Chinese Culture Chinese Holidays Holidays

What is Chinese New Year?

After teaching Chinese students for almost two years, I have learned a little bit about their culture.  Chinese New Year (also called Lunar New Year or Spring Festival) is a major part of their traditions.  This celebration lasts a whole 15 days and is one of the few times that most Chinese people get a vacation.


Read the article in English.

Read the article in Spanish.

Watch this video to learn more about Chinese New Year.

If you’d like an extra challenge, watch it in Spanish:



Chinese Holidays Teaching at VIPKid

Is something happening in China? What is wrong with my bookings?

Today I have seen these questions repeatedly on the ESL groups I am in.  I will say, last night/this morning was the worst booking frenzy I have experienced so far.  I had only 3 bookings and 9 cancellations!  What is happening in China?

Well, this week is the beginning of the “winter holiday” for Spring Festival or Chinese New Year.  This is similar to the time our kids get off in December for Christmas.  They usually have a week or two of pretty intense exams leading up to this time (so you may have already seen lower bookings recently) and then they get a few weeks off.  This is a time when many Chinese families travel for family reunions.  I must say from the little bit of travel that I did in China in a non-holiday time, one thing you can expect is delays.  I’m sure that parents err on the side of caution and do not book any lessons for the days surrounding travel.  Also, who wants to be taking an English lesson when the whole family is gathered for a family reunion.

That being said.  I still have several classes and based upon my experience on other holidays, my students will show up for class.  I have been the “entertainment” of the hour for the whole family a few times, and often a cousin or a friend may join my student for the class.  While the general policy at VIPKid is to only teach one student for a class, I feel that this time of year is a bit of an exception.  Imagine the family is gathering and your student’s parent is boasting about the wonderful experience their child is having with your classes.  Wouldn’t it be reasonable for them to book a class so their family members can see what a wonderful experience it is?  I see this almost as a super-effective trial.  (I do make a note to the Learning Partner, but I teach the class as usual and try to make it extra fun in case the observer is considering signing up).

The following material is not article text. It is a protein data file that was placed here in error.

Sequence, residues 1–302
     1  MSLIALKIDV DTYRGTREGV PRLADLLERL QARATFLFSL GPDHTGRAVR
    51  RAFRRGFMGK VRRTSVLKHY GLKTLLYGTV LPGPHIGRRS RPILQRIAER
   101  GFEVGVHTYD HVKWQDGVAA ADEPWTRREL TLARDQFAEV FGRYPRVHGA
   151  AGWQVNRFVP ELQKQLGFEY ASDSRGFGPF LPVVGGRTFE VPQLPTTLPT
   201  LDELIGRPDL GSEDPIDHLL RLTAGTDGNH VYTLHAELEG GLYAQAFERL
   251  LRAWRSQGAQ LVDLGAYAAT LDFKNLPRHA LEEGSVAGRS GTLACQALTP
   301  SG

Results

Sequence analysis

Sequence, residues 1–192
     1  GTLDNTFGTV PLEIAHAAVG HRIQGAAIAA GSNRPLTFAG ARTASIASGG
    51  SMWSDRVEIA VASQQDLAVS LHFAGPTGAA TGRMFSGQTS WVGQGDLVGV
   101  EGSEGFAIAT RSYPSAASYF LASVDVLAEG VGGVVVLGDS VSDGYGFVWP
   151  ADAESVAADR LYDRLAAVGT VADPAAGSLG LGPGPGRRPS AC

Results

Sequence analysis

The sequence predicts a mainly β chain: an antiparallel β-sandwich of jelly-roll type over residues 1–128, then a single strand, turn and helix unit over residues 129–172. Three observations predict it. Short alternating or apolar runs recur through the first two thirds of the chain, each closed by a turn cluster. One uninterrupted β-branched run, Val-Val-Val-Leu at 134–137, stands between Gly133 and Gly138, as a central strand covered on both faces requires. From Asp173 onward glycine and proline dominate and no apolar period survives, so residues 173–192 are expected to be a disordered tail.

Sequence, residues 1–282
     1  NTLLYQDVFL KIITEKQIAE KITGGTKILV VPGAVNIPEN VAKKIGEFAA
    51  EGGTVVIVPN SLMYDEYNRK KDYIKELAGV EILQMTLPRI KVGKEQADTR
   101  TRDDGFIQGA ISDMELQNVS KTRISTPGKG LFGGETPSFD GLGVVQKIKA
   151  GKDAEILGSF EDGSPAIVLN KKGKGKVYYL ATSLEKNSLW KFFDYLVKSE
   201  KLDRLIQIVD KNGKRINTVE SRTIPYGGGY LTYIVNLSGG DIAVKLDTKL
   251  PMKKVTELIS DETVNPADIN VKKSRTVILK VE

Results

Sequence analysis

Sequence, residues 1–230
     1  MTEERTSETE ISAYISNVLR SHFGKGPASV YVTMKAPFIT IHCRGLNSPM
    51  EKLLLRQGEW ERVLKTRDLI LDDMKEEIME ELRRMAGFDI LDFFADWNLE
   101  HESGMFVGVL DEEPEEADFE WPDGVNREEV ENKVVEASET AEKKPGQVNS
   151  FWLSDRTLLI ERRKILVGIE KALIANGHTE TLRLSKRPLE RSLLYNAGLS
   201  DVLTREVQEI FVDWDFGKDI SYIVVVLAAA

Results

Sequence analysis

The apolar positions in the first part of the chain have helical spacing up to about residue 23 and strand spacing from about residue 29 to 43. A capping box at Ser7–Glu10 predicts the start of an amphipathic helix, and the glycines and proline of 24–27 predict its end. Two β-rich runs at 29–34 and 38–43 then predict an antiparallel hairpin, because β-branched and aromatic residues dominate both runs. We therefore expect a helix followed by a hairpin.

Will this affect my income?  Maybe.  But I don’t suggest that you have all your eggs in one income basket.  This is a great time to take some time off (sleep in!) and relax.  The students will be back!  You may need to plan your budget accordingly in order to make the numbers work, but don’t stress out.  Things will be back on track very soon.  I also have found that I can open short-notice slots (often in the evenings) and get bookings.  I think parents don’t book because they know they are traveling, but when they get where they are going they realize that their baobao could in fact have time for some English.  I don’t like to do short-notice in the morning as much (I fully take advantage of sleeping in the few days that I can), but I do open slots in the evening.  During the last holiday, I had several nights that were fully booked!

When I saw today that I had a couple of days with absolutely no bookings, I closed those slots and have officially declared them “vacation days”.  I doubt that I will travel as I have been traveling quite a bit recently, but maybe I will take a short trip to visit one of my friends or just simply enjoy sleeping in!  I will also spend some time in these next couple of weeks working on my other income streams to help build them a bit, and I probably will even add in a few extra Uber hours.

So the most important take-aways:

  •  Enjoy the break!  Sleep in and rest assured your baobaos will be back.
  • Plan your budget accordingly.
  • If you are looking for a perfect vacation time from ESL teaching in China, this is it.  (That being said, I don’t think there is any way I would attempt to travel in China during this holiday!)
  • Open up short notice slots (especially in the evenings).
  • Things will return to normal soon!  Your students will be back (and you can have lots of extension conversations about what they did over the holiday).